|24 April 2013|
What does gender mean in an age defined by post-feminist ideologies, and in cultures that have been ‘sexualised’? Women may have been gaining economic, social and cultural entitlements in recent years, but post-Fordist economies continue to exploit gender inequalities. And whilst a variety of ‘new femininities’ have promised freedoms and opportunities, they have also articulated further responsibilities associated with being a woman in the twenty-first century. Similarly, the increasing visibility of so-called ‘softer’ masculinities and the continuing appeal of the metrosexual man seem to signal transformations in the idea of what it means to be a man. Yet such opportunities for softness and flexibility are unevenly available in economic conditions designed to install an equality of inequality. If men are becoming softer and women more post-feminist, how are we to understand the position of queer identities? Is homosexuality ‘disappearing’ in the drive towards homonormativity? Is there a place for gender dissent in lesbian and gay cultures, or do challenges to binary constructions of gender and domestic nuclearity no longer have any meaning in an era of gay marriage?
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|27 March 2013|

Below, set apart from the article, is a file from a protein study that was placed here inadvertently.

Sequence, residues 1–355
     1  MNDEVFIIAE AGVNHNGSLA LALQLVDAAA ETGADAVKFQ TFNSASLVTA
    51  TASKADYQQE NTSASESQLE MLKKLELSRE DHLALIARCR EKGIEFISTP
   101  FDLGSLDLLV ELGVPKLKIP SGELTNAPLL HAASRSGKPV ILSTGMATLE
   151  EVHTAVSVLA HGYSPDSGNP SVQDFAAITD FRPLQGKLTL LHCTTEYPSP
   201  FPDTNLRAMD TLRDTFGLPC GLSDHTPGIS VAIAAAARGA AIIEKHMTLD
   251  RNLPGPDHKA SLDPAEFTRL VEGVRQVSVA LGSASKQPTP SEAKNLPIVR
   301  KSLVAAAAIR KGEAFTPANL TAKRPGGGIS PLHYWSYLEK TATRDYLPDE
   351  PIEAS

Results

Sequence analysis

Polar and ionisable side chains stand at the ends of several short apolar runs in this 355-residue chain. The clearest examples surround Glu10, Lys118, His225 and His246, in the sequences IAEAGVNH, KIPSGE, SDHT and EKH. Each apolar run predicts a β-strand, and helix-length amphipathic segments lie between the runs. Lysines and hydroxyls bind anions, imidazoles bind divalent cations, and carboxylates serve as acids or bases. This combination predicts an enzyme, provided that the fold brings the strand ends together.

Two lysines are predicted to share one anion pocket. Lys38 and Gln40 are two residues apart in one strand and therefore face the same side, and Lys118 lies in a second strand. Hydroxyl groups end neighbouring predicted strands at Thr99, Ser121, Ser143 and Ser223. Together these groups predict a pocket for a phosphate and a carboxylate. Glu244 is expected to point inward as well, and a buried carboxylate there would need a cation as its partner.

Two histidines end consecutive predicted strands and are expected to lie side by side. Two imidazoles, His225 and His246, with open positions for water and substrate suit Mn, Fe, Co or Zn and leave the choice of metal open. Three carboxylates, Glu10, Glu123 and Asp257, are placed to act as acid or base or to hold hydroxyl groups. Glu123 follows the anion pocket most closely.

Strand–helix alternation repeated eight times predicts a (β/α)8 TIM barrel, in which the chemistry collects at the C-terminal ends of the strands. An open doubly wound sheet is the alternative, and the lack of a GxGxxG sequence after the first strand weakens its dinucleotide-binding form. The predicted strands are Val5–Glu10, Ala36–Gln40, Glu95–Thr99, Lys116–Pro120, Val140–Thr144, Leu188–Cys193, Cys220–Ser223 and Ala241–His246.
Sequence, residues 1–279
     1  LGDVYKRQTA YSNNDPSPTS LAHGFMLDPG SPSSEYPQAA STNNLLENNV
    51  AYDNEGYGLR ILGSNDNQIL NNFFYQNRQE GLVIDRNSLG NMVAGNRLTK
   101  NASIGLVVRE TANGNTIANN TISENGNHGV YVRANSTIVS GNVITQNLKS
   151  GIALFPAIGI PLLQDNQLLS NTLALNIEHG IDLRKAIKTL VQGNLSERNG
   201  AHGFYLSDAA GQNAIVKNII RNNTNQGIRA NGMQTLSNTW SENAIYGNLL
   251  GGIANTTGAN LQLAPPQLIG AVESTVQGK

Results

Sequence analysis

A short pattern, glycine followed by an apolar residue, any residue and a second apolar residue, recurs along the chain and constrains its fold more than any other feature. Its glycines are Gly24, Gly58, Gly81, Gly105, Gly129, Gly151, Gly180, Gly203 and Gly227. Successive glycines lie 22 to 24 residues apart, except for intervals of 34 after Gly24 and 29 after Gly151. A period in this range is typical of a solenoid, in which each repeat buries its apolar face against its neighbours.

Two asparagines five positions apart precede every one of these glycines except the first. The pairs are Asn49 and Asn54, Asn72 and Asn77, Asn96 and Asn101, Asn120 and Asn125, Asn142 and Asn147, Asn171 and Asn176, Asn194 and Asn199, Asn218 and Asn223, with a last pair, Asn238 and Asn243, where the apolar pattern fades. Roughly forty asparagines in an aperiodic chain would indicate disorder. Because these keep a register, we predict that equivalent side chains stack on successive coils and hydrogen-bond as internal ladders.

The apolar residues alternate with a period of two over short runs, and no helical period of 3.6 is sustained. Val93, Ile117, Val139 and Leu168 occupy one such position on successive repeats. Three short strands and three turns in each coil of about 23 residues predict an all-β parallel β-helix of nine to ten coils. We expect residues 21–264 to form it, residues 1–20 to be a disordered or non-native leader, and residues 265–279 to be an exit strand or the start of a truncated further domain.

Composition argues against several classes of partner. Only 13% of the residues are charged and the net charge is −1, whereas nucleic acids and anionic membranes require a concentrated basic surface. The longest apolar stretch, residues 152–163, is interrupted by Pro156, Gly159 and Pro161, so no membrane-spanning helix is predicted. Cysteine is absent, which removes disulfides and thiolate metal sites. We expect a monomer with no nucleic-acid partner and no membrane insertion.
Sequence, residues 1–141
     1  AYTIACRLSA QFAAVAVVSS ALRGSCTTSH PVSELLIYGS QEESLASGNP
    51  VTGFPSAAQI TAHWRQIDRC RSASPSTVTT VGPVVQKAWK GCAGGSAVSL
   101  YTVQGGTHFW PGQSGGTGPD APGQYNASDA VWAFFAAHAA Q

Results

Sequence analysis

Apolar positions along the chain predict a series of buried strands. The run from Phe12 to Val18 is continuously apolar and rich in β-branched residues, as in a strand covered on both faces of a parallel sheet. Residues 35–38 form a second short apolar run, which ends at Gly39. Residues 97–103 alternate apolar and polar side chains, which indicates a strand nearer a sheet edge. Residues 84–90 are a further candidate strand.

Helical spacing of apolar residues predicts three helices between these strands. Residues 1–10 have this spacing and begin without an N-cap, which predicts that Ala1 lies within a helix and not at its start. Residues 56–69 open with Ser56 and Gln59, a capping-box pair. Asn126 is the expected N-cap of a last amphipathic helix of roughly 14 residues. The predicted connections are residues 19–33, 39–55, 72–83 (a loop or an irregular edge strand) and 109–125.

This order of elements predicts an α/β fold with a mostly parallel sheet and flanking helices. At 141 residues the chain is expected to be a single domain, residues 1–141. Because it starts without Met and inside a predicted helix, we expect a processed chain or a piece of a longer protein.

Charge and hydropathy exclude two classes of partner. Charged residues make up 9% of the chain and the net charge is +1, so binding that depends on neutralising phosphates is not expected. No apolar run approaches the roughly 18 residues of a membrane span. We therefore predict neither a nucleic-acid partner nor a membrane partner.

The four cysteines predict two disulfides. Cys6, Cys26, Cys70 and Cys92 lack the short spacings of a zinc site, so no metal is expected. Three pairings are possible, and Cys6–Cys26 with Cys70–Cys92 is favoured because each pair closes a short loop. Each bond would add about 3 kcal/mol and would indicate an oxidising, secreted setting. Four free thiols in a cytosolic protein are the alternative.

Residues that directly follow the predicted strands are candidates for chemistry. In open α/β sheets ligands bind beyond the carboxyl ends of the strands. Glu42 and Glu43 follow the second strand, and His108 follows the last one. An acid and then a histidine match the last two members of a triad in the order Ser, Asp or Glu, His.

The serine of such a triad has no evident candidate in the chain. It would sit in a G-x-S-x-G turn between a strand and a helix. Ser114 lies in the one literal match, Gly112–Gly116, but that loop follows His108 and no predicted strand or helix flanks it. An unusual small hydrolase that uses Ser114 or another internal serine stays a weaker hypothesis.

Presented in association with Iniva, the fourth and final event in the Centre for Cultural Studies Research seminar series Culture & Polity explores the question of public policy. As the government’s austerity drive continues to whittle away arts funding while ministers question the very value of the arts, how should artists and arts bodies respond? What might a progressive arts policy look like? Is Britain’s cultural and creative sector under threat. Or will hard times inspire aesthetic and political radicalism?
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This is the third seminar in our Culture & Polity series in which our invited speakers will be examining the city both as a concept and as a space marked by social and cultural divisions and in which conflicting notions of community emerge. Has the economic downturn restructured the suburb from paradise to pressure cooker, making it the new inner city precariously perched on the edge? What are the political consequences of the impact of privatisation on city space? The award-winning film-maker John Smith will also present his film ‘Blight’ which revolves around the building of the M11 Link Road in East London, which provoked a long and bitter campaign by local residents to protect their homes from demolition.
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